The reform of the constitution has been arduous, as it must be adapted to the needs of a modern democracy.
Pictured: Alex Bodry in 2015
Photo: Christophe Olinger/ archives
According to information obtained by Paperjam, Luxembourg’s political parties could finally agree on a timeframe for the constitutional referendum which would be binding for the new government after the 2018 elections.
The reform of the constitution has been dragging on for years. The process started in 2009 under the previous CSV-LSAP coalition. The 2013 DP-LSAP-Greens coalition announced a referendum first for 2015, then for 2017 and 2018. Any constitutional amendment has to be approved by a two-thirds majority in parliament, meaning the opposition CSV has to agree as well. The CSV has ruled out a referendum before the 2018 elections.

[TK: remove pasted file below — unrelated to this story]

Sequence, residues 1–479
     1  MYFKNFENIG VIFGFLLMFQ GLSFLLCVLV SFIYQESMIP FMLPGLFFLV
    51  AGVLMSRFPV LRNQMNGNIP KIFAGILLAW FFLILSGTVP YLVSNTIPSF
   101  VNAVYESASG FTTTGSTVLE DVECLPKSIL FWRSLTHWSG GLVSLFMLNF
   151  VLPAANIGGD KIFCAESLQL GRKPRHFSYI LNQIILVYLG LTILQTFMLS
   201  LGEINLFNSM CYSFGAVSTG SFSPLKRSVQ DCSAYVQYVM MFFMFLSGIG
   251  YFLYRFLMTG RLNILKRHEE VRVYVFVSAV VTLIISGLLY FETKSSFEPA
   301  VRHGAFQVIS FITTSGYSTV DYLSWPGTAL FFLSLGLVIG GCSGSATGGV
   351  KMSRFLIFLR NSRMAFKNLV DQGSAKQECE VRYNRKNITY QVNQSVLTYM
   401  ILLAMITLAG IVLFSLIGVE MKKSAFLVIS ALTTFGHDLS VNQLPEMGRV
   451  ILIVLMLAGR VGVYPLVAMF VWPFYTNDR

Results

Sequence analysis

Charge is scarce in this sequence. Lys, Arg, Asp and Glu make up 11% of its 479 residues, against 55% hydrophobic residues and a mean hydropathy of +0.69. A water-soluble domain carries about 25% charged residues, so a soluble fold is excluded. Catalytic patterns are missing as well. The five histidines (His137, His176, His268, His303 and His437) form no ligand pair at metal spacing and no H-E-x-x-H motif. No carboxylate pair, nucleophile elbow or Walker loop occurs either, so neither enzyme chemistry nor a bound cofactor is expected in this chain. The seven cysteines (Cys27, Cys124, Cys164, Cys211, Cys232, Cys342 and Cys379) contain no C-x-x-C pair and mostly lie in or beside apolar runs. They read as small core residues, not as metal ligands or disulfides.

The president of the institutions and constitutional reform committee, Alex Bodry (LSAP), is currently planning a debate in parliament on the proposed text. He plans to submit the resolution to a vote, which would set up a timeframe for the voting procedure (the first vote in parliament and the referendum). This would “bind politically” any new majority after the 2018 elections, he argued. The referendum could therefore be held in 2019.
You can find the original article (in French) here.